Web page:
But Katarina was determined to stop wearing her wig and approached her middle school counselor, Jennicca Mabe, about her condition in private. Mabe had similar concerns that Katarina might get picked on but worked with other teachers and the administration at Skyview Middle School to figure out how to share Katarina's story with the rest of her peers.
With Aranda's blessing, Mabe and other school officials enlisted Katarina's teachers to help create a short documentary about Katarina and what it was like living with alopecia.
"(Mabe) thought that if you educate people and if you tell them about things and you tell them that it isn't contagious, that people won't pick on me," Katarina said.
Katarina's science teacher, Connie Sandel, was one of the participants in the documentary.
"I was a little bit surprised," she said, when she learned that Katarina wanted to tell other students she was bald.
"Most kids don't come forward in middle school and do something like that. In middle school, kids can be a little harsh, and bullying can be a problem. But I wanted to support her in what she wanted to do," Sandel said.
The documentary was screened this month in the school's library for several groups of students, including Katarina's class.
"I was sitting at the back so all these people wouldn't be looking at me," Katarina said. "And I watched everyone, and people were crying, and I felt sorry.
"I knew that maybe the teachers would cry, but I never expected that the kids would cry," she added.
Her mother was also at the screening and had an interpreter translate the film for her. "I cried. I think everyone in the room cried. I knew we made the right decision. The school was really supportive. They didn't have to do this, you know," Aranda said.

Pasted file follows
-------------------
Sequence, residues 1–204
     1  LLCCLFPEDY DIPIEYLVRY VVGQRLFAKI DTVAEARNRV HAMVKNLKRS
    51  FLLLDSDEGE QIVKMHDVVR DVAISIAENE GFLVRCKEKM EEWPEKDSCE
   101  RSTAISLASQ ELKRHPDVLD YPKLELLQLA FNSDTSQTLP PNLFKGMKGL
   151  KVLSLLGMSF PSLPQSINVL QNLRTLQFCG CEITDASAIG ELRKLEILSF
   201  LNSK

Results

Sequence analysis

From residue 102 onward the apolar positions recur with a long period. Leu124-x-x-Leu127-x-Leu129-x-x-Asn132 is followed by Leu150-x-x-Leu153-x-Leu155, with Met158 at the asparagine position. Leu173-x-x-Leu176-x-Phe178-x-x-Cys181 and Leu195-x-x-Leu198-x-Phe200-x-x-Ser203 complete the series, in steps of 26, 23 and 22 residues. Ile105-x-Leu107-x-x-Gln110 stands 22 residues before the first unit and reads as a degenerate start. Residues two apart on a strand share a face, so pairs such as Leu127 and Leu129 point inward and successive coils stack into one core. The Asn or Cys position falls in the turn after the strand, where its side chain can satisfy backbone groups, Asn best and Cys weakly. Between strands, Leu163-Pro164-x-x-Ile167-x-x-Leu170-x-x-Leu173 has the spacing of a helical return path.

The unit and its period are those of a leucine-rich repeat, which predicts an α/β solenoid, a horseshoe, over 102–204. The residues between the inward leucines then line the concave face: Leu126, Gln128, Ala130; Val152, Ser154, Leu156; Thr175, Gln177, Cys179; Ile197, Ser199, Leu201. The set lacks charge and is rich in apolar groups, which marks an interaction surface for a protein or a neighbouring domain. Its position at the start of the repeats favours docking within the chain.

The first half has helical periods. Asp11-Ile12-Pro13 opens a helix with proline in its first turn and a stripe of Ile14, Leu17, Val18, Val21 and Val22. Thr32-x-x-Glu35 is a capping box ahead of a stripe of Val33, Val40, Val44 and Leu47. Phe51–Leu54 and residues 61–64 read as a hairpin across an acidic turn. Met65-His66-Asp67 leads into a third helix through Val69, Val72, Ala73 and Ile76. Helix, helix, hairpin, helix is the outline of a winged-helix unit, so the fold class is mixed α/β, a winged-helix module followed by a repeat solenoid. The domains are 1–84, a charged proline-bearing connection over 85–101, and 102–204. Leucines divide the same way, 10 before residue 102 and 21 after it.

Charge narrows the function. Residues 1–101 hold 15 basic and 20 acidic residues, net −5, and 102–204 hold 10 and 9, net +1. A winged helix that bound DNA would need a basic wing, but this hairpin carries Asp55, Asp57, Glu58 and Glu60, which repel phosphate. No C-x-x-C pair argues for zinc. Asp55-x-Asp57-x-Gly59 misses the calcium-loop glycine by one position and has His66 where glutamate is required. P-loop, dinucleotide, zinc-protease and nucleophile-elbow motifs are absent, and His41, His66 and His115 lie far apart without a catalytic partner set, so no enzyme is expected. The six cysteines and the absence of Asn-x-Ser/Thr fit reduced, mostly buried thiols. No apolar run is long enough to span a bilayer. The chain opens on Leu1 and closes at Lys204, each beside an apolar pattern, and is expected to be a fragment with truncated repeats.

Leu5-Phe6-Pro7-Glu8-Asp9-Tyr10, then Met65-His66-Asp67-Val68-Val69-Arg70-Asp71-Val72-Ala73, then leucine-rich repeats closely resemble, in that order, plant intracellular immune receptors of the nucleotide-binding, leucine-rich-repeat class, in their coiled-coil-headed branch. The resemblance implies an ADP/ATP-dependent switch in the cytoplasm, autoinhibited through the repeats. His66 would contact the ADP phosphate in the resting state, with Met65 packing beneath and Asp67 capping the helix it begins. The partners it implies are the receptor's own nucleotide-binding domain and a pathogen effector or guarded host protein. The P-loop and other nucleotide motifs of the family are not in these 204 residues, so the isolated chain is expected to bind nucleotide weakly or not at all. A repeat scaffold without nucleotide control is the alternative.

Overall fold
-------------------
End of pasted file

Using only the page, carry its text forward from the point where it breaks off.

After the documentary, Katarina, accompanied by two of her teachers, answered questions from her peers. She also explained to her class that the following week she would not be wearing her wig anymore.
"It was very inspiring," Aranda said. "The kids were really interested, and they asked a lot of questions like 'Does it hurt?' and 'Was your scalp itchy?' "
Many students were surprised by the film and admitted that they never suspected that Katarina wore a wig in the first place. Some students even told Katarina that she looked even better without a wig.
Aranda couldn't help but think of how brave Katarina was, standing in front of her classmates and answering their questions. "She was just determined to do it. She wanted to be herself and not cover up and mask who she was. She was very courageous."
The following week, Katarina came to school with a hat instead of a wig. It's winter in Colorado Springs, and she says her scalp gets cold without something covering it.
Sandel says her students are reacting normally to Katarina without her wig. "I let my first period class ask her questions, and they didn't. Everyone seemed ready to move on," she said.
Looking back at the screening, Katarina is happy with her decision to tell her classmates that she has no hair.
"I want people to like me for me and not what I look like," Katarina said, "because that's how I can find my true friends."